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Super Smash Brothers: Melee Package Art
  HAL Laboratory

Super Smash Brothers: Melee

The video game industry’s gamers and gawkers alike have been quick to accuse Nintendo of failing to produce a “killer-app” for the launch of its GameCube console ever since the line-up was first unveiled at E3. They alleged that GameCube lacked a “smash hit” title with enough selling power to bring the early and critical success Nintendo would need if it planned to compete with Sony’s PS2 and Microsoft’s XBOX in 2002 and beyond. But is Super Smash Brothers Melee the killer-app title that Nintendo fans have been raving it is or is the mystique around it only the product of months of undeserved hype?

Super Smash Brothers turned out to be one of the last hugely popular games for the Nintendo 64. In retrospect, the title claimed a larger share of the system's 5-year legacy than anyone ever thought it would by offering addictive, fun, nostalgic, and truly maniacal multi-player gaming. It was a landmark title in Nintendo’s history of accidental hits. And with the sequel, Nintendo made sure to take advantage of the new franchise’s selling power.

To those of you not yet introduced, the small phenomenon known as “Smash Brothers” began as a pondering of the age-old question, “Who’d win an all out brawl between Mario, Link, Samus, and Donkey Kong?” The answer was not clear, so the game designers at HAL Laboratories slaved day and night (and night and day) to create a means to answer the question once and for all. This little experiment matured into a very multi-player N64 game: a 4-player brawler featuring several Nintendo franchise characters and simple enough controls for anyone to pick up a controller and join in on the fun. It was revolutionary in gameplay for maintaining an innovative objective of “smashing” opponents off of a stage to score a kill, as opposed to the usual hit point system found in fighters. It was by no means the most “advanced” fighter to diehard fans of the genre, but its addictive gameplay and showcase of memorable characters quickly made it the favorite of many Nintendo loyalists and casual gamers alike.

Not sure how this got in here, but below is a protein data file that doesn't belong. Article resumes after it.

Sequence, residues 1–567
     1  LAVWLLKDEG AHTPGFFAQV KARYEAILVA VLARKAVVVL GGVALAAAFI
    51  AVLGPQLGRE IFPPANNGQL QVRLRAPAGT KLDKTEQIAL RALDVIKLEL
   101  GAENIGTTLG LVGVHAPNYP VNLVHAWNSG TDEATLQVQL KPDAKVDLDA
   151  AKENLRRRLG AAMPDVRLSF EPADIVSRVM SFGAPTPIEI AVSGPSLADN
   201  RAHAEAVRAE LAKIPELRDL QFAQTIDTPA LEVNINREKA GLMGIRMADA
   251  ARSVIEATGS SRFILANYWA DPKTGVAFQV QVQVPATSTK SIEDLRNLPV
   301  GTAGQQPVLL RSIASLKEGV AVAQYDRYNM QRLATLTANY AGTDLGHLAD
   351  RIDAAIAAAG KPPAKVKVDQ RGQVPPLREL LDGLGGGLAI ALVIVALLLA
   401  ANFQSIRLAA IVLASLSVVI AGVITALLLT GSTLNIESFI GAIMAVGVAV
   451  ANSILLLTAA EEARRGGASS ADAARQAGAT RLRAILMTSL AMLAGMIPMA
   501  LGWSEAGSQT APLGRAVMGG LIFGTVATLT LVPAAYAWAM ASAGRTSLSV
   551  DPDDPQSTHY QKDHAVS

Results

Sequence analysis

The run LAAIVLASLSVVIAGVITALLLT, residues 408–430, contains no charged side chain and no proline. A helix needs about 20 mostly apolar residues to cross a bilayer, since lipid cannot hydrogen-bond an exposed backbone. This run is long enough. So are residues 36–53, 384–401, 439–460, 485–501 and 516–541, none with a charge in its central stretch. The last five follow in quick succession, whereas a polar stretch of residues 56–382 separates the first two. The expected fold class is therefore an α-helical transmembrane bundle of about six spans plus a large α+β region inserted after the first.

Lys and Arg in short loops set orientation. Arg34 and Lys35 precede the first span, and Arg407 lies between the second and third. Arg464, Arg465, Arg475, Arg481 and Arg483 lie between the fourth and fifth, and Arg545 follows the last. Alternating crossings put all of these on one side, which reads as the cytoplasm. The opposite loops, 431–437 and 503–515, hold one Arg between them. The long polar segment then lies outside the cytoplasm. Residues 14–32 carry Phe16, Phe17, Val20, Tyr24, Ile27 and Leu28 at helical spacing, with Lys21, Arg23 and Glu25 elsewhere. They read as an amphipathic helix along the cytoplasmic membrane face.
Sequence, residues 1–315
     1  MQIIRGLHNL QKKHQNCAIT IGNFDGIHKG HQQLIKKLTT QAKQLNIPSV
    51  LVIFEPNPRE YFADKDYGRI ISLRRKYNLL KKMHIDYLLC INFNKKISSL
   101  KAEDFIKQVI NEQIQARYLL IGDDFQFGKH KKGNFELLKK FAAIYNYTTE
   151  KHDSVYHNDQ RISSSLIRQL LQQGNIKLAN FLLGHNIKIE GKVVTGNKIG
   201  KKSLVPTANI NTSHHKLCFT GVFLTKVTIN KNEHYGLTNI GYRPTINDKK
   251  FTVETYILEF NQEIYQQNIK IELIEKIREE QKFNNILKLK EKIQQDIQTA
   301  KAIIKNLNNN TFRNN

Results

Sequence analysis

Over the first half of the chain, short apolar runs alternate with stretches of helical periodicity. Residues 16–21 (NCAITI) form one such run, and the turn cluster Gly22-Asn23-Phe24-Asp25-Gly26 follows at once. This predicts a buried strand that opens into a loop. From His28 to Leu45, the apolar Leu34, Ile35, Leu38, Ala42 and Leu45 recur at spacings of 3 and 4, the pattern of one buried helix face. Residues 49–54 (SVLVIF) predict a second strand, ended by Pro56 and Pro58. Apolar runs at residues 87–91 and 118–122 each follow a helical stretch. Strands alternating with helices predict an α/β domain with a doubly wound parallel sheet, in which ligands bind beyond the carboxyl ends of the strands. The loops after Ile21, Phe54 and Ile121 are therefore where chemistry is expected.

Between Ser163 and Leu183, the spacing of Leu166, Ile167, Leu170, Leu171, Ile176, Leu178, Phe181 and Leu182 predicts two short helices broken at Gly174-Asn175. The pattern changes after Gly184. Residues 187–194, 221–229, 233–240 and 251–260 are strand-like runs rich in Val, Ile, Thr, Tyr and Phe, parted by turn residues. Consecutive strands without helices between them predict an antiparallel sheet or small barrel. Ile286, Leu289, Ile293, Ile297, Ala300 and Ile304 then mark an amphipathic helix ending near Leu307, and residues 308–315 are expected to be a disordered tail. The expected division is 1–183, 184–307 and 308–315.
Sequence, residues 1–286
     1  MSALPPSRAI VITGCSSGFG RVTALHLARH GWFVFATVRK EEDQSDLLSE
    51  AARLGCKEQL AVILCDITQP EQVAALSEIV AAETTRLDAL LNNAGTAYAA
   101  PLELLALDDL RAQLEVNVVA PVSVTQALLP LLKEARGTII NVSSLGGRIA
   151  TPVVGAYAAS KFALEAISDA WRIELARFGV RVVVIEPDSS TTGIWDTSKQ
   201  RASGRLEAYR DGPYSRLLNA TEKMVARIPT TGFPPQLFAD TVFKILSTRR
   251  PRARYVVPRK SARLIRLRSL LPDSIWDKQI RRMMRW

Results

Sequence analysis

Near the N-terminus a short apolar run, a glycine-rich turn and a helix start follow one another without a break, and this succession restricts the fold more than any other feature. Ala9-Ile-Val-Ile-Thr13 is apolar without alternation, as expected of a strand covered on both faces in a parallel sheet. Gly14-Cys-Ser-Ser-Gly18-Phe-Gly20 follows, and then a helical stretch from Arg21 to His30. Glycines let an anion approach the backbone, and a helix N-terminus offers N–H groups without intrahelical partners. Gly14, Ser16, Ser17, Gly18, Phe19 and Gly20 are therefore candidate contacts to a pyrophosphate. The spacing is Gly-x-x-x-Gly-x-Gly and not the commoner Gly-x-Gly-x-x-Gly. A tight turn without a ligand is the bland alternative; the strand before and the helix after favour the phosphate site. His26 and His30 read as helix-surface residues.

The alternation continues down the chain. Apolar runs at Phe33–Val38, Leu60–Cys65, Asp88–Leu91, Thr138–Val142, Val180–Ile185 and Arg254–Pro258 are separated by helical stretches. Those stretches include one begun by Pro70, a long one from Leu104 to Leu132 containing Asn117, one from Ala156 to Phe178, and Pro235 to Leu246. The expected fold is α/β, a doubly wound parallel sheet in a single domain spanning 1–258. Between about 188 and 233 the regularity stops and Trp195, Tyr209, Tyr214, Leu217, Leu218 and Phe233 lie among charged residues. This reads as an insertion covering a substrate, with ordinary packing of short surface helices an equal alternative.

Super Smash Brothers is a very pretty game. It’s definitely one of the most visually impressive GameCube titles to date, from its slick menus to stylish models. While the visuals will rarely make your jaw drop off its hinge for great technical performance, the nostalgic look and feel of just about everything in the game is where the charm is. The only people I could see being honestly disappointed by the game’s graphics are a small sect of the anally retentive graphics junkies out there and the blind, who only get to hear about what they’re missing out on.

Every character featured in the title is extremely well modeled and features enough detail to still look amazing up close, even though most of the action takes place from a much more distant angle. HAL’s skill at character art really shines in this title and character models are really the meat of this game’s visual buffet. There's a reason this was the only title that NCL regularly released screenshots of in the months approaching GameCube's launch: it does a very good job of making everyone’s favorite Nintendo characters come to life, with a level of detail that could only be imagined previously.

The stages vary a little in overall graphical quality. A few of them feature noticably low polygon counts--but that's the price HAL seemingly had to pay to keep all of those detailed characters fighting at a fluid (and almost always constant) 60 frames per second. What is equally disappointing, but certainly more confusing is the muddy and washed-out texturing featured in a few of the stages. It isn’t a consistent problem, however, and is really only noticeable at a closely-angled zoom. That said, any slight shortfall in the stage's visuals doesn't take away from the gameplay one bit. While some stages are notably prettier than others, none are "ugly" by any stretch of the word and all are more than suitable for keeping your eyes fully content while you attempt to pummel your opponents into the ground. Their overall designs are excellently executed and definitely do justice to the games they represent.